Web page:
Overpowered. Love.

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There are many reasons to adore Róisín Murphy. From her days with Moloko to the Italian-disco inspired EP titled Mi senti, this idiosyncratic Irish singer is a true gem. Even if you’re not a total sucker for her electronic tunes, you’ve got to admit that her style is bomb. While today she rather wears Vetements tea-dresses and garments coming fresh from graduate designers’ studios, back in her Overpowered period Murphy wore the most extravagant garments coming from, for example, Viktor & Rolf (she had a life performance at the brand’s spring-summer 2010 fashion show as well). But also, she had the most memorable Gareth Pugh coat moment in the video-clip of the album’s namesake track. Later, in Let Me Know, Róisín graciously danced and messed around in a cheesy bistro, wearing a Maison Margiela cape and bold fuchsia gloves (that was the moment I fell in love with fashion, really, at age of eight). And today, when I listen to Dear Miami or You Know Me Better, it’s unbelievable that Murphy was more ‘2017’ than any other musician today. Back in 2007!

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TBT: Margiela’s Hermès Years

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It’s funny that Martin Margiela‘s tenure at Hermès suddenly appeared on everybody’s lips after this year’s exhibition at Antwerp’s MoMu It took nearly two decades for the fashion industry to wholeheartedly appreciate the Belgian visionary’s contribution at the maison, that’s probably most associated with very-rich-women kind of ‘luxury’. At his eponymous label, Maison Martin Margiela, the famously anonymous designer used to redefine such terms as ‘avant-garde’ and ‘minimalist’ in one single garment – meanwhile at Hermès, it was a different philosophy. Tranquil, understated and low-key – that’s how the guests of his shows at Rue Saint-Honoré flagship store (12 in overall, between 1998 and 2002) described the atmosphere. So were the clothes, kept mostly in black, beige or navy. Fashion tends to forget its references, and as you can clearly see in images below, it wasn’t Phoebe Philo at Céline, Christophe Lemaire (he designed for Hermès before the current creative director, Nadège Vanhée-Cybulski) or The Row who were first to decide on making a perfectly tailored camel coat the focus of their collections.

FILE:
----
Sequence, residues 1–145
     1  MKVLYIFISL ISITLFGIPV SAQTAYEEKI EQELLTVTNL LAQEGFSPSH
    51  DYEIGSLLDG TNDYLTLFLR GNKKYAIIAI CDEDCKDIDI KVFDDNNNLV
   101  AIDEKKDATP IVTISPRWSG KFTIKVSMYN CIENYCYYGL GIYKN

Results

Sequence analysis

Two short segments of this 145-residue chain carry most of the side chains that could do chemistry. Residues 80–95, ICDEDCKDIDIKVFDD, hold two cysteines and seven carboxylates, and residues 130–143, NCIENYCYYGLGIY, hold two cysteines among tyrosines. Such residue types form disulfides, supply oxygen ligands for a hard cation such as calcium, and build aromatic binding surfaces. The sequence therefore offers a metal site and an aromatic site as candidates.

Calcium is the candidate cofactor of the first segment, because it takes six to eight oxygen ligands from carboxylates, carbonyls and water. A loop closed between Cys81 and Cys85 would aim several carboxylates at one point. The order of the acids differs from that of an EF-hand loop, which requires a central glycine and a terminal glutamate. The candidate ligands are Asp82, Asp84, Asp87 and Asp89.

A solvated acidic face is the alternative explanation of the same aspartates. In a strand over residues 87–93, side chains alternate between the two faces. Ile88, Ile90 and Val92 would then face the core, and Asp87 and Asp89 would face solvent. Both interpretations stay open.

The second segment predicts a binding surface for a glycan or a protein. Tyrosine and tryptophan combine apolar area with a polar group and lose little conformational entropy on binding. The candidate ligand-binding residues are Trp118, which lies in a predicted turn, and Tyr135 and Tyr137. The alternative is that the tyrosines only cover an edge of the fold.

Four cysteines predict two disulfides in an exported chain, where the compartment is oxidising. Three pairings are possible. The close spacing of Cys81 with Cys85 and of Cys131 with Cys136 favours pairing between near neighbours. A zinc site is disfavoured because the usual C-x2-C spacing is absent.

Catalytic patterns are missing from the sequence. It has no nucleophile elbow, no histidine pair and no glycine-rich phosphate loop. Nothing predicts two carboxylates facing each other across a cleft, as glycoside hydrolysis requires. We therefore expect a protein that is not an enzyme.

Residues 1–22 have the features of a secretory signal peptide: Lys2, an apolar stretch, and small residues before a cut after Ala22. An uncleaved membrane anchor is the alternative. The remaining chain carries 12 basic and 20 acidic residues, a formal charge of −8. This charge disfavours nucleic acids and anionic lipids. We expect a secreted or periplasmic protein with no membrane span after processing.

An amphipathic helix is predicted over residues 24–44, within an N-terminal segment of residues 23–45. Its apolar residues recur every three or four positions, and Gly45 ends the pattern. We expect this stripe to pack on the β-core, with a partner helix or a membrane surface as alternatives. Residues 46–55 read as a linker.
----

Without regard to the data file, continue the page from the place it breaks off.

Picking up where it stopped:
For Margiela, ready-to-wear with a Hermès tag had to be of the best quality materials, made with the biggest attention to details (no flashy embroideries meant here) and with the aim to be worn for the next 20 years. This is what actual ‘luxury’ in fashion meant to Martin, even though he would never use that stabby and deprived of its meaning word. For a brief moment, Hermès was more than fancy foulards and bags (note: for spring-summer 2000, Margiela casted Jane Birkin as the show’s model, making a nod to, guess what, the Birkin bag). It was about the clothes, too, and very well constructed clothes: warm cashmere sweaters, crisp white shirts, masculine blazers, eternally chic black gowns. And sneakers – remember, we’re speaking of 90s / beginning of 00s, when only stilettos mattered on Parisian catwalks. There’s no surprise his shows weren’t received that well. Many thought that Hermès was just ‘boring’ with Martin’s conservative approach: those were the 90s, after all, and fashion loved FASHION. The time has shown, however, that those who bought Margiela’s Hèrmes were the smart ones. Finding pieces from that era is quite a struggle, and when you find anything, the prices are killer. Martin Margiela is an acclaimed designer for more than one reason, but his underrated creative direction and aesthetic at Hermès is… timeless.

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Collage by Edward Kanarecki.